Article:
The Relese Of Sonar GNU/linux

Sonar Releases New Assistive Technology Operating System
New Software Brings Accessibility To Those In Need

Today Sonar announced the release of their new assistive technology based operating system to bring accessibility options to computer users around the world. The new operating system is designed for users that have difficulty using computers because of vision and other problems.

The new operating system is built off of Manjaro Linux, a subset of Arch Linux, in an effort to not only provide a complete system full of accessibility options for free, but to do so on a stable platform. Sonar’s adaptive technology engineering is spear-headed by Kyle Brouhard with the help of the Manjaro project leader Phil Miller.

Some of the accessibility features offered by Sonar’s new assistive technology based operating system include:

* Orca, a screen reading technology that will allow vision impaired users to listen to content displayed on the monitor.
* On-screen magnification to allow users with poor eyesight the ability to read small print displayed on the monitor.
* An on-screen keyboard that can be used to type with a mouse or trackball, suitable for users unable to use a traditional keyboard for typing.
* A custom font developed to help readers that have dyslexia.

Sonar is designed to completely replace traditional operating systems currently available, the goal of Sonar’s new assistive technology is to bring accessibility options to users who need it for free. The accessible operating system brings the ability to use technology to those who have been physically incapable of doing so in the past.

The software is available for immediate, free download on the company’s website. Future updates and releases will be available at no cost so users who need accessibility options will have the ability to access technology without paying extra costs.

If you wish to check out Sonar and download it for free here is the link.

Speechhub the New Speech Server

The ACF would like to thank the work of Bill Cox and Isaac Porat for their work on Speech Hub. This is a great contribution to Free software and help to the vision impaired community. You may be asking what is Speech Hub? Well here is some information taken from the Speech Hub website.

SpeechHub is the first cross-platform TTS server dedicated to the requirements of the vision impaired community. A speech server sits between a client application such as a screen reader or a self-voicing program and a speech synthesizer. It accepts commands from the client application and, after optional processing, passes it to the speech synthesizer. This approach offers a uniform interface to applications that want to use speech, allowing developers to concentrate on what their application does rather than worry about speech processing and connection to different synthesizers. The concept of a speech server is not new and there are both commercial and Free software examples. In the context of the VI community and Free software, the most well known is Speech Dispatcher which is well established in GNU/Linux.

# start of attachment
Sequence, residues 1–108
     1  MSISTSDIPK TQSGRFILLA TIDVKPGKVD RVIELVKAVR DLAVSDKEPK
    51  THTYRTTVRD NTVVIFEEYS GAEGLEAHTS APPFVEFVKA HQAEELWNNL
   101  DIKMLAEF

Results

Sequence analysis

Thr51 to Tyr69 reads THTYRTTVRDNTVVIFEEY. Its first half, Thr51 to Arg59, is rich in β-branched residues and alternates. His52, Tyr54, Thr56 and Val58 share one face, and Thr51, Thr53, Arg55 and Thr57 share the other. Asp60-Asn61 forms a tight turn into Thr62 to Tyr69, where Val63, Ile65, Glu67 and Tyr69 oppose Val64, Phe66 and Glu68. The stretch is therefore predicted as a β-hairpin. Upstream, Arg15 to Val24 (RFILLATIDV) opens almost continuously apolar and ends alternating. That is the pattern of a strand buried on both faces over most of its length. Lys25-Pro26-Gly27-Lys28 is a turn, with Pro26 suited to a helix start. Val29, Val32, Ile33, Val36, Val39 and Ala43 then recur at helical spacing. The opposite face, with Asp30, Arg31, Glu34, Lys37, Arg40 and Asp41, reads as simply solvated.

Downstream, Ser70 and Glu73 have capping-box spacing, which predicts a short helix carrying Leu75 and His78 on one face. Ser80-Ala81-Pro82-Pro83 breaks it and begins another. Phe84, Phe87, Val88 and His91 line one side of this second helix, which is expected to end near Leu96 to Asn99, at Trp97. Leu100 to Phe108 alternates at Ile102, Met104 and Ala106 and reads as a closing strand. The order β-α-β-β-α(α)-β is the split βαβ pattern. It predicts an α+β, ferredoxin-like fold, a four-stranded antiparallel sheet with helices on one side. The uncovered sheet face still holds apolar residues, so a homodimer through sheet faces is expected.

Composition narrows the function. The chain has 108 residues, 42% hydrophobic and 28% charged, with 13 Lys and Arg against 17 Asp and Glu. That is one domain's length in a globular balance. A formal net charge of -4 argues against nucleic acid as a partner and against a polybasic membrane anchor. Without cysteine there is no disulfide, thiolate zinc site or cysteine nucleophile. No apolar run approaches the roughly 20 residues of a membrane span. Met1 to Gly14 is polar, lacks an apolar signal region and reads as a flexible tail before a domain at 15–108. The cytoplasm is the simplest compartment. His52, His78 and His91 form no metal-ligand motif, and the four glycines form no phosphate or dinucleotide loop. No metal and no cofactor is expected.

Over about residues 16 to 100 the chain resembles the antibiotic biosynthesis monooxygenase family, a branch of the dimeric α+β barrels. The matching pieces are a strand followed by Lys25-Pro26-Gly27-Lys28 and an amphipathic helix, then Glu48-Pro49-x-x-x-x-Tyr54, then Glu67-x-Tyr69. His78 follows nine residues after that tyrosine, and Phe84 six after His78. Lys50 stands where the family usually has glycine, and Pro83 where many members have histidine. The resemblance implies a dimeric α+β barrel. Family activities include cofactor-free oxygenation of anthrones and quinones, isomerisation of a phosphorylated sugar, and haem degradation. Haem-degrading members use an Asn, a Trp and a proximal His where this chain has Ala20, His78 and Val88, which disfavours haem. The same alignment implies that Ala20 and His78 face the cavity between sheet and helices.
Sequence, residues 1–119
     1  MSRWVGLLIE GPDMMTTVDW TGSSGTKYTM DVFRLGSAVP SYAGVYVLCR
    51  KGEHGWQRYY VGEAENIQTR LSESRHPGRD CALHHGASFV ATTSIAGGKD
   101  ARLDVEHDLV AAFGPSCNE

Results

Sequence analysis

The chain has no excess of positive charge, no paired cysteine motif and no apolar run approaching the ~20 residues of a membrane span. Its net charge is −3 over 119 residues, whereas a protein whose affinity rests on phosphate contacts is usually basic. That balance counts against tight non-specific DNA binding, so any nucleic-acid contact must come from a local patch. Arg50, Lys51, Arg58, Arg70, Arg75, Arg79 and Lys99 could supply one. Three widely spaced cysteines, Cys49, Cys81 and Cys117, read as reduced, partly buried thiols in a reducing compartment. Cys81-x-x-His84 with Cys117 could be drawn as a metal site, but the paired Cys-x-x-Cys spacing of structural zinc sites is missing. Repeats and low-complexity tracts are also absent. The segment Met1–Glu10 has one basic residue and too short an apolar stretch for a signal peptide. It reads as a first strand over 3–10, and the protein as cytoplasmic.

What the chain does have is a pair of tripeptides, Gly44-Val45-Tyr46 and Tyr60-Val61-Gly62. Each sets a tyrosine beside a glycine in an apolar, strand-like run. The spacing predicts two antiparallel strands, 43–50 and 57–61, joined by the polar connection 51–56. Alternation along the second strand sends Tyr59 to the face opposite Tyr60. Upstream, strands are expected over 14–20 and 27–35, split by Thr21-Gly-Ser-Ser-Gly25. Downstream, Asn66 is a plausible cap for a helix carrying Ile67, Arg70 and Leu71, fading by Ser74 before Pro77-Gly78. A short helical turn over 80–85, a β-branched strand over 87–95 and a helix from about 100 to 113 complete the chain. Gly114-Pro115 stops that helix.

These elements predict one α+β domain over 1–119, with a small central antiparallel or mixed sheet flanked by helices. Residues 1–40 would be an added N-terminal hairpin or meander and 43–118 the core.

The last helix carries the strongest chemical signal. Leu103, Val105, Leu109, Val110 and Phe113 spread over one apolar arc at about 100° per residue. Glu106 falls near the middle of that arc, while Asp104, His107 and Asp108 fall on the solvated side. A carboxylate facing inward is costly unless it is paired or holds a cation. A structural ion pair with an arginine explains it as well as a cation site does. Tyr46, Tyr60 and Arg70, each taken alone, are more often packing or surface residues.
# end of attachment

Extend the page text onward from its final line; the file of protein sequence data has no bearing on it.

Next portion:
SpeechHub’s cross-platform architecture offers flexibility, reliability and a host of new features. It is now available for Windows and GNU/Linux, other platforms will be considered in the future.
The connection to an application is done using a client plug-in available for:
Windows – NVDA screen reader
Linux – Orca, Speakup, Yasr screen readers (still in development)
Windows – SpeakOn when a new version is released
SpeechHub currently supports the following synthesizers:
Open source:
eSpeak with many voice variants (courtesy of NVDA) and amazing language support
Mary TTS, 4 English voices usable with NVDA and Orca
Pico TTS voices in six languages
Microsoft Speech API version 5 on Windows
Microsoft Speech Platform on Windows 7 and Windows 8
Voxin (IBM TTS) on Linux
(requires license from
Communication with the server is done using a subset and extensions to the Standard SSIP protocol interface, over TCP/IP, Stdio, or Unix sockets. SpeechHub promotes uniformity in TTS by optionally processing text before it is sent to the synthesizers by formatting, replacing, punctuation and capital letter indication which are all customizable. Audio data samples are sent back from the synthesizer (if supported) and are processed centrally by the server. It is highly responsive and speeding up speech is built in using Sonic for most synthesizers. There is built-in support for creating audio books.
Communication with TTS synthesizers is through engine drivers which are independent from the server and can be implemented in any programming language. Very low integration effort is required for new TTS engines; for example, the eSpeak SpeechHub engine driver is less than 200 lines of code. Binary code TTS engines are compatible across all major Linux distros. TTS engines can be integrated once and run everywhere, reliably, for years. Text replacement can be customized for each engine avoiding wrong pronunciation and text that causes crashes. In the event that an engine crashes, it is restarted automatically.
SpeechHub is developed entirely by people with vision impairments for people with vision impairments.

As you can see this is some great development and the Acf is looking forward to more releases and further development of this program. Thansk goes out to Bill Cox and Isaac Porat for this great work!